For centuries, scientists scrutinized minute aspects of human activity, but showed little interest in the time that people spent in sleep. Sleep seemed inaccessible to medical probing, a subject best suited to poets and dream interpreters who could conjure meaning out of the void. It was thought to be no more than a natural reaction to the darkness and silence of night, when the brain could no longer react to the sensory stimulation of the day.

Scientists believed the brain was simply “turned off” and remained unchanged throughout the night. All that changed in the 1930s, when researchers found they could place sensitive electrodes on the scalp and record the signals produced by electrical activity in the brain to create electroencephalograms, or EEGs. When this technique revealed lively brain activity even in sleeping subjects, scientists realized that sleep did not represent a void, but was in fact a dynamic time, incorporating different stages with markedly different patterns of brain waves.

Further study revealed that it is a period when the brain consolidates memories and cleans out toxins, when growth and development occur, and when the immune system surveys the body for potential problems. Far from being a luxury, sleep is now known to be essential, required for health and optimal functioning. Sleep deprivation can be used as a form of torture. Yet many of us continue to get inadequate sleep, either because we deliberately deprive ourselves of sleep or because we seem unable to get a good night’s rest.

But what happens during sleep? There are different stages of sleep, what scientists call “sleep cycle,” meaning the patterns of alternating sleep stages you pass through during the night. Scientists divide sleep into two major types: REM (rapid eye movement) sleep or dreaming sleep (occupies 75–80% of total sleep each night), and non-REM (non-rapid eye movement) or quiet sleep (occupies 20–25% of total sleep each night). A sleep cycle consists in 4 stages: 1 & 2 -light sleep-, 3 -deep sleep- (all three stages are non-REM sleep) and 4 (REM sleep).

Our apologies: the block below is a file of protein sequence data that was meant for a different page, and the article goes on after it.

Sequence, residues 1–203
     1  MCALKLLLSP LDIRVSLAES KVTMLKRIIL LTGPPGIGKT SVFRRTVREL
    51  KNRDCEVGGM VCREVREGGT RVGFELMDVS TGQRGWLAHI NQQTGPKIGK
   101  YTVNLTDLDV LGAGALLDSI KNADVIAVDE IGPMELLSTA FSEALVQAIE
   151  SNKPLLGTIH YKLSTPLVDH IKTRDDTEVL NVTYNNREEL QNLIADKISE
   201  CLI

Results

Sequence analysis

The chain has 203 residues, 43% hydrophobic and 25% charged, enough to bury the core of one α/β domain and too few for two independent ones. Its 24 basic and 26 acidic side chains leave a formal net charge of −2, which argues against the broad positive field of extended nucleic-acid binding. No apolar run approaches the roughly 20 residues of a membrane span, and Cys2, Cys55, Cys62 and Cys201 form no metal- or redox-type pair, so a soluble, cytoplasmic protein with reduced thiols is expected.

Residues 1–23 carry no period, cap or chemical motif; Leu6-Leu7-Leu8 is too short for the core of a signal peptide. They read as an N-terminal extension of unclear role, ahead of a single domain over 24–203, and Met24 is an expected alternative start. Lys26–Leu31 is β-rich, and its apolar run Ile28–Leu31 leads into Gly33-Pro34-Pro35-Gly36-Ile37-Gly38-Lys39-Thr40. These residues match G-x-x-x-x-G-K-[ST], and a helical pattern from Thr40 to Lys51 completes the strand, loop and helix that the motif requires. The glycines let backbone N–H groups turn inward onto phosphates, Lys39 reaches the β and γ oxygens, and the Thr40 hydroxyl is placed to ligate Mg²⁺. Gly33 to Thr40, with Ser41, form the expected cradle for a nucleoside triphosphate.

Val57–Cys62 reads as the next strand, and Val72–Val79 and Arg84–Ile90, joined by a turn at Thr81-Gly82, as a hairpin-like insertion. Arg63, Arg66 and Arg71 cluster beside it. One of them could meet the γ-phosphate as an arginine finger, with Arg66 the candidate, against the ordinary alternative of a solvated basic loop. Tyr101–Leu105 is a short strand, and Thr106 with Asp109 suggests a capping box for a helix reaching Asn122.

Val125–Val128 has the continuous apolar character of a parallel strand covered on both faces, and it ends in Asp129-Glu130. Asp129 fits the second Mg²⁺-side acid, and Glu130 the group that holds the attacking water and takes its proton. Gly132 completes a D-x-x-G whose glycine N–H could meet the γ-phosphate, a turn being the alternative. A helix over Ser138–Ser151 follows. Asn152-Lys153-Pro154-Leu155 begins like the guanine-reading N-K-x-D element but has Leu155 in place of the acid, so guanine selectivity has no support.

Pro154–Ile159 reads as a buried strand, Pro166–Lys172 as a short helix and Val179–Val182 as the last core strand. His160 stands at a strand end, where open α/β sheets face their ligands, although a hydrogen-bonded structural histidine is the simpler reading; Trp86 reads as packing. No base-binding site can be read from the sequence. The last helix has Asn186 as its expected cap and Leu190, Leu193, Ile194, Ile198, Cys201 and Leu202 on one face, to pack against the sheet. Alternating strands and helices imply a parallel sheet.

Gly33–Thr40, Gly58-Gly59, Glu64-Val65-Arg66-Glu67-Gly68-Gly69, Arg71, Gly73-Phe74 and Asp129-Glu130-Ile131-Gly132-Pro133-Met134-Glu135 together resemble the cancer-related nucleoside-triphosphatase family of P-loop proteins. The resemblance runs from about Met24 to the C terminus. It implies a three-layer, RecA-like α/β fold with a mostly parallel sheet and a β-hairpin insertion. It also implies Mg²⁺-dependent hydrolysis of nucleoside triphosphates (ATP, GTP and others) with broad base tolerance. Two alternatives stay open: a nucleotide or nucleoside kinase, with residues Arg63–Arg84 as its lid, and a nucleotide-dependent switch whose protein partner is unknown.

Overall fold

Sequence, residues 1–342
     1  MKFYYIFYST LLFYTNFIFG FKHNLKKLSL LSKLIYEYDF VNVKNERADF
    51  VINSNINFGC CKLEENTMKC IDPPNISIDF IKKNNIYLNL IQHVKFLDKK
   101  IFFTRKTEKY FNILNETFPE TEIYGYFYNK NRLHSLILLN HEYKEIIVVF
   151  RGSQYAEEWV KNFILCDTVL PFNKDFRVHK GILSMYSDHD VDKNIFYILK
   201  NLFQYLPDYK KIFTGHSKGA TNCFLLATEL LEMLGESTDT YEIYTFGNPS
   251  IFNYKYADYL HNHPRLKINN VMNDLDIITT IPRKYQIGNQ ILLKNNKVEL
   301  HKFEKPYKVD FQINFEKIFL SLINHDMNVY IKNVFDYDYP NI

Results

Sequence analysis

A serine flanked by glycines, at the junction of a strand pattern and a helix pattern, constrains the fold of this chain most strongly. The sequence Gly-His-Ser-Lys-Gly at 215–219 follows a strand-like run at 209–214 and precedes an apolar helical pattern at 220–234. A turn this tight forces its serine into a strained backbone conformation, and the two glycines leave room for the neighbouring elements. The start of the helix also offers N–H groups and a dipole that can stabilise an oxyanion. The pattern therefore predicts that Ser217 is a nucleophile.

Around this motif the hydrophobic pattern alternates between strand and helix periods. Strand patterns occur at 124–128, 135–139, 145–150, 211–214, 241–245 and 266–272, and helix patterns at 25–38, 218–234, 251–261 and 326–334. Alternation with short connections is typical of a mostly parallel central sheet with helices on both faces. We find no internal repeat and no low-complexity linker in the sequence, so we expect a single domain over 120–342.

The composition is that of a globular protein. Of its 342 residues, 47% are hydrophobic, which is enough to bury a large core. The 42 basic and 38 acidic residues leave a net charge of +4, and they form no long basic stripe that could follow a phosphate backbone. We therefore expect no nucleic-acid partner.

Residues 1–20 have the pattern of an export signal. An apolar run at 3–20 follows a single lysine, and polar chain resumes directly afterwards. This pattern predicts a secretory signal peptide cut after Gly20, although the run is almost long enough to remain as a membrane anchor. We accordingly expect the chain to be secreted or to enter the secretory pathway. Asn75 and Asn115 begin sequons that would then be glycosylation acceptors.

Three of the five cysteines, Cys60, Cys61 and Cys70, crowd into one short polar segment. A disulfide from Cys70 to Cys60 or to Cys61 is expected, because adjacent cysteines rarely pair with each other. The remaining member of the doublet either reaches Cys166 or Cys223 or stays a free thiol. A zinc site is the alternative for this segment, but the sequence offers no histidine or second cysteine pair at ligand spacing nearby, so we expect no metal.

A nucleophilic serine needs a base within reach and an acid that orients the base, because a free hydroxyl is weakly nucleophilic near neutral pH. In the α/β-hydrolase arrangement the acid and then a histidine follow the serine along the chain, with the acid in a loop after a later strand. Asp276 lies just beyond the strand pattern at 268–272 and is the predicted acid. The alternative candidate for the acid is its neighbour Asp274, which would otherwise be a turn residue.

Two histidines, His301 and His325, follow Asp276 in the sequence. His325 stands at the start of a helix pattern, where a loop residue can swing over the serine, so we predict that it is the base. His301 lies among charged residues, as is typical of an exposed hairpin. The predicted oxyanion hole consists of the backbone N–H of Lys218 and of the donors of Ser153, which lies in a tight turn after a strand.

A sleep cycle lasts about 90-120 minutes and during that time we move through all 4 stages of sleep.

Stage N1 (light sleep). You spend about 5 minutes in stage N1 sleep. It is the transition between waking and sleep. Body temperature begins to drop, muscles relax, and eyes often move slowly from side to side. If awakened, a person will claim was never asleep. On the EEG, the predominant brain waves show a pattern called theta waves.

Stage N2 (light sleep). It lasts 10 to 25 minutes. Your eyes are still, and your heart rate and breathing are slower than when awake. Your brain’s electrical activity is irregular. Large, slow waves intermingle with brief bursts of activity called sleep spindles, when brain waves speed up for roughly half a second or longer. Scientists believe that when spindles occur, the brain disconnects from outside sensory input and begins the process of memory consolidation. You spend about half the night in stage N2 sleep. The EEG tracings also show a pattern called a K-complex, which scientists think represents a sort of built-in vigilance system that keeps you poised to awaken if necessary.